dis·guise /dəˈskaɪz, dɪsˈgaɪz ||dɪz-/
Dis·guise v. t. [imp. & p. p. Disguised p. pr. & vb. n. Disguising.]
1. To change the guise or appearance of; especially, to conceal by an unusual dress, or one intended to mislead or deceive.
Bunyan was forced to disguise himself as a wagoner. --Macaulay.
2. To hide by a counterfeit appearance; to cloak by a false show; to mask; as, to disguise anger; to disguise one's sentiments, character, or intentions.
All God's angels come to us disguised. --Lowell.
3. To affect or change by liquor; to intoxicate.
I have just left the right worshipful, and his myrmidons, about a sneaker of five gallons; the whole magistracy was pretty well disguised before I gave them the ship. --Spectator.
Syn: -- To conceal; hide; mask; dissemble; dissimulate; feign; pretend; secrete. See Conceal.
1. A dress or exterior put on for purposes of concealment or of deception; as, persons doing unlawful acts in disguise are subject to heavy penalties.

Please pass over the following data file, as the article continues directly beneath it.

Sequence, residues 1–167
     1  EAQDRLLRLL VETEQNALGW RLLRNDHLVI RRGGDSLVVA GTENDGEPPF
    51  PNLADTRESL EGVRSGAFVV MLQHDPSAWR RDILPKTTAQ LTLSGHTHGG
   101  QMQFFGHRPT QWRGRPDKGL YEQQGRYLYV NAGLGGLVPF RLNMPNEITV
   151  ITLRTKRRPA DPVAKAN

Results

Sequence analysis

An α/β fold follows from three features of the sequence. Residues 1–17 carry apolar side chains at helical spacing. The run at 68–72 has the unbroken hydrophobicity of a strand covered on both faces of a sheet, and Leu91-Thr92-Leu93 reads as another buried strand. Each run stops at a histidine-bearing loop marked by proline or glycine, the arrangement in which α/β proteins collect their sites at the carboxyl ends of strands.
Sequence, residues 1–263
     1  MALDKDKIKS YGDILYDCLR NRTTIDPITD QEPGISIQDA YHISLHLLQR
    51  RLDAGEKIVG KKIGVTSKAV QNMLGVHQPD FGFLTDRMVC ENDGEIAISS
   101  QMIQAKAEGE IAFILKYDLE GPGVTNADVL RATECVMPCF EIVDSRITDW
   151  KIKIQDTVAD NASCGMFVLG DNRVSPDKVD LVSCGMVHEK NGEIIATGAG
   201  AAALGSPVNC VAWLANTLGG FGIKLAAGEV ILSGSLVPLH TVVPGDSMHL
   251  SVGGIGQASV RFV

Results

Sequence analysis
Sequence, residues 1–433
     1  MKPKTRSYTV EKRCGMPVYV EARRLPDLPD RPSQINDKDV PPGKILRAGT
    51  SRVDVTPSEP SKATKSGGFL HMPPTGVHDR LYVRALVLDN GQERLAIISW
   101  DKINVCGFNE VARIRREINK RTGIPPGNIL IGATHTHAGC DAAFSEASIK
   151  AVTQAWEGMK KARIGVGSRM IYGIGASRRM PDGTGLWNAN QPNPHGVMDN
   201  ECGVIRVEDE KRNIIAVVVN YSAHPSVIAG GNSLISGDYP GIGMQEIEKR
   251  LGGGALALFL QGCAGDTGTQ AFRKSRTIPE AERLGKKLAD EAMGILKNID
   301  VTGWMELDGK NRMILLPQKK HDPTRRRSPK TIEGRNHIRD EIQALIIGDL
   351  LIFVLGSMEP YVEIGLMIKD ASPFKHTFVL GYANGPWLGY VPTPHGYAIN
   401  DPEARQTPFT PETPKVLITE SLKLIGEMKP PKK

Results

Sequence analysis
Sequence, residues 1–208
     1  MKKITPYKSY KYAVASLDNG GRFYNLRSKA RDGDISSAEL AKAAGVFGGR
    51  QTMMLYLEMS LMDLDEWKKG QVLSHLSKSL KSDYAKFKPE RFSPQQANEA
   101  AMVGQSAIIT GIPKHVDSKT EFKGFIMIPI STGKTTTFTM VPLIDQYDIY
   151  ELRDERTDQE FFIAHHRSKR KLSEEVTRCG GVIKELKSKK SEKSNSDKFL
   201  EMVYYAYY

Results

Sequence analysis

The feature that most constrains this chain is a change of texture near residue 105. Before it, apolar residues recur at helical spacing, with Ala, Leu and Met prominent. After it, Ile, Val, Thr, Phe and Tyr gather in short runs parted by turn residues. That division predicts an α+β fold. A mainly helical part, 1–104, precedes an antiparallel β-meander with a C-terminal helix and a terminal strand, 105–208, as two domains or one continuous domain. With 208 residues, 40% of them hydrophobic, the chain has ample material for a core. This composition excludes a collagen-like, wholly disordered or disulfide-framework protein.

There is no passion which steals into the heart more imperceptibly and covers itself under more disguises, than pride. --Addison.
2. Artificial language or manner assumed for deception; false appearance; counterfeit semblance or show.
That eye which glances through all disguises. --D. Webster.
3. Change of manner by drink; intoxication.
4. A masque or masquerade. [Obs.]
Disguise was the old English word for a masque. --B. Jonson.
n 1: an outward semblance that misrepresents the true nature of
something; "the theatrical notion of disguise is always
associated with catastrophe in his stories" [syn: camouflage]
2: any attire that modifies the appearance in order to conceal
the wearer's identity
3: the act of concealing the identity of something by modifying
its appearance; "he is a master of disguise" [syn: camouflage]
v : make unrecognizable; "The herb disguises the garlic taste";
"We disguised our faces before robbing the bank"